Second. Or if this proposition be deemed incompatible with the interests of the service, it is suggested in lieu thereof the officers of camps in Tennessee be forbidden to receive Kentucky negroes within their lines.
Third. Order that descriptive lists or certificates be given to every citizen of Kentucky (except those in the rebel army or otherwise notoriously connected with the rebel Government) whose slave has been enlisted.
Fourth. Require all officers commanding camps and detachments in Tennessee to make restitution of all property stolen by fugitive slaves from Kentucky and brought into their lines, and the slaves themselves surrendered as fugitives from justice, upon the requisition of the proper civil authorities in Kentucky.
I am, sir, very respectfully, your obedient servant,
B. H. BRISTOW.
We approve the foregoing suggestions and are hopeful they will accomplish the end desired, if granted by the War Department.
C. F. BURNAM.
GEO. H. YEAMAN.
EXECUTIVE CHAMBER, Harrisburg, Pa., December 19, 1863.
Colonel J. B. FRY,
COLONEL: I received your letter [of 15th] on the 17th, and notice contents.
I did not intend to say or intimate in any letter to the President or yourself my dissatisfaction with Colonel Bomford, with whom all my relations are pleasant.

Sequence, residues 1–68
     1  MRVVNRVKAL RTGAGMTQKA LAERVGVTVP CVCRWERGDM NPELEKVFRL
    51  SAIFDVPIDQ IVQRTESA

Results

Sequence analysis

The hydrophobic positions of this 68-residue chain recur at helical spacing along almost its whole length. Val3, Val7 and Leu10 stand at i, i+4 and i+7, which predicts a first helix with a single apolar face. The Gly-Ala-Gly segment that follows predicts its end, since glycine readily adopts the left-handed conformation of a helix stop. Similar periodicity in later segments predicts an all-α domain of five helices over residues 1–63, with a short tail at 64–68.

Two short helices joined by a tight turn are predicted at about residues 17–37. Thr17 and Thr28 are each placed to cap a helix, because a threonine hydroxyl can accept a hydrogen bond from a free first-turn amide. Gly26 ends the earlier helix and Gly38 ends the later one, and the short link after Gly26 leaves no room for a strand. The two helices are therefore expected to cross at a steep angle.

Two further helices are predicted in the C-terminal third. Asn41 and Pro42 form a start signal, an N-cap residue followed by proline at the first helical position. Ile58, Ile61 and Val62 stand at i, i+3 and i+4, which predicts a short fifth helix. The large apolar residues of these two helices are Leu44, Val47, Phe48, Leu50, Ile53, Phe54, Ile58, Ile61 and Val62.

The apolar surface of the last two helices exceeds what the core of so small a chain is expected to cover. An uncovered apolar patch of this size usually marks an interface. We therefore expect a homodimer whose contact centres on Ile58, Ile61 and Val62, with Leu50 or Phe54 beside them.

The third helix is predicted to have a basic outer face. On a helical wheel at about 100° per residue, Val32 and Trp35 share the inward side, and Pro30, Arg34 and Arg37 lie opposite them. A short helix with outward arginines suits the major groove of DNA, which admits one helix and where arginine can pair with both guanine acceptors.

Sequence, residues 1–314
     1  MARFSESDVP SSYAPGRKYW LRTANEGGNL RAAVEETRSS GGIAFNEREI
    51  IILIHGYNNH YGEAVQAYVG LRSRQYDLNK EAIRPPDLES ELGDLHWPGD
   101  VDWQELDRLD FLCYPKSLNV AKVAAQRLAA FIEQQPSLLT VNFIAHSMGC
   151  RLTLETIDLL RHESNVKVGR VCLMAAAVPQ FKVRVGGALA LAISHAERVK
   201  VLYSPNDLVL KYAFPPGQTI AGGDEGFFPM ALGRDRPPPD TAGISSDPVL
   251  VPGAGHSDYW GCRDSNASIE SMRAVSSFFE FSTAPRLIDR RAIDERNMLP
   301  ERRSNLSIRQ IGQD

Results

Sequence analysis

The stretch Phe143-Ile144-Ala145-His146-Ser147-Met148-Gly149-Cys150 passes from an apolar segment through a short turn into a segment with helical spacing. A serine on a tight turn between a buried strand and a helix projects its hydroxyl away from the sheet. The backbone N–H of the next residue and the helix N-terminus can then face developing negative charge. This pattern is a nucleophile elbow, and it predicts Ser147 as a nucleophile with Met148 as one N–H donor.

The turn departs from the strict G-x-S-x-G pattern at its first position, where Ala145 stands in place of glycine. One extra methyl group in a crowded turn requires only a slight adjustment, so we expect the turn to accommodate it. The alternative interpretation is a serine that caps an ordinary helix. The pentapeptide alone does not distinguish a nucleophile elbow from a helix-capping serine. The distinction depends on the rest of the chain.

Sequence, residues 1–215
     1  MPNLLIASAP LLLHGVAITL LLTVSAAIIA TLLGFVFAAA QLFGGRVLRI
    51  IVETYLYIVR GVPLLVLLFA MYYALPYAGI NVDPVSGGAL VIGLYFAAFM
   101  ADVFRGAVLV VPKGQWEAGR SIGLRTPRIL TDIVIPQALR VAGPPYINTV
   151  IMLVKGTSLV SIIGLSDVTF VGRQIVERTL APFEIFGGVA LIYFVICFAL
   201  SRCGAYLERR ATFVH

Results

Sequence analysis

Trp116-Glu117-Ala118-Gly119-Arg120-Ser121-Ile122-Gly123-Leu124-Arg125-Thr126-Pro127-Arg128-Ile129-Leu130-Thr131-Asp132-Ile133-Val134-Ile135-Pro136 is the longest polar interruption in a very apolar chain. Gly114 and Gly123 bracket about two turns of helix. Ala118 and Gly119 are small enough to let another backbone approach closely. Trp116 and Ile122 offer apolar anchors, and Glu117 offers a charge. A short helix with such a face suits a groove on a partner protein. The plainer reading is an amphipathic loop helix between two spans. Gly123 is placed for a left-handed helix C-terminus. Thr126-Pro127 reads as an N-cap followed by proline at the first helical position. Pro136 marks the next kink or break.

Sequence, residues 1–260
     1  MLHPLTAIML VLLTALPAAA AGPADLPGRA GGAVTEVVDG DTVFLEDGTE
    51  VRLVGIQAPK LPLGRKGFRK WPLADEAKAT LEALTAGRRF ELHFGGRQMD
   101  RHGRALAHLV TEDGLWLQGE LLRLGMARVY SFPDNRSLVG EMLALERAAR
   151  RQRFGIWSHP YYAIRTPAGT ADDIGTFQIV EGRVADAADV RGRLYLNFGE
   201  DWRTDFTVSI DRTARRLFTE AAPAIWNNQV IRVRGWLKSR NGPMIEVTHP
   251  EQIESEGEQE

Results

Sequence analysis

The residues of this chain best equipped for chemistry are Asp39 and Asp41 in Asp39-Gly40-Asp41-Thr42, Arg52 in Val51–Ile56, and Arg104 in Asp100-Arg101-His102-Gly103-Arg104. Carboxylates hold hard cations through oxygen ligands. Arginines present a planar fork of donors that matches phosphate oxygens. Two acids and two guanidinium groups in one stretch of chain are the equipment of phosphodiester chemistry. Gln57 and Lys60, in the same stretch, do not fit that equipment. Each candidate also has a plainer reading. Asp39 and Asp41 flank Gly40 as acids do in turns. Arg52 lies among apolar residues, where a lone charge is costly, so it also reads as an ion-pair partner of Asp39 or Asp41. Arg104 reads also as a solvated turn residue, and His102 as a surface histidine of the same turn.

If a change is made for other reasons by the Government in his office, I beg that I may be consulted before it is made. I do not desire the removal of Colonel Bomford and the appointment of Colonel Sanderson in his place.
Very respectfully, your obedient servant,
A. G. CURTIN.
WAR DEPT., PROVOST-MARSHAL-GENERAL'S OFFICE, Washington, D. C., December 20, 1863.
Honorable H. S. LANE, M. C.,
U. S. Senate Chamber:
DEAR SIR: Your note of yesterday asking for certain facts connected with the late draft, and my opinion on certain points in the enrollment act, is received. I inclose a proof of my official report, with appendix, which answers nearly all your questions.* The late draft was conducted with a great deal of care, and though the next may be better managed, it is yet reasonable to assume that the general results in future, even if the entire population is drawn out, will, under the same law, be about as they have been in the draft just closing. "Figures don"t lie," and to understand the subject let us take an arithmetical view of it. We have enrolled in round numbers 3,000,000 of men; from these we are to draw. As stated above, the
*See p. 1046.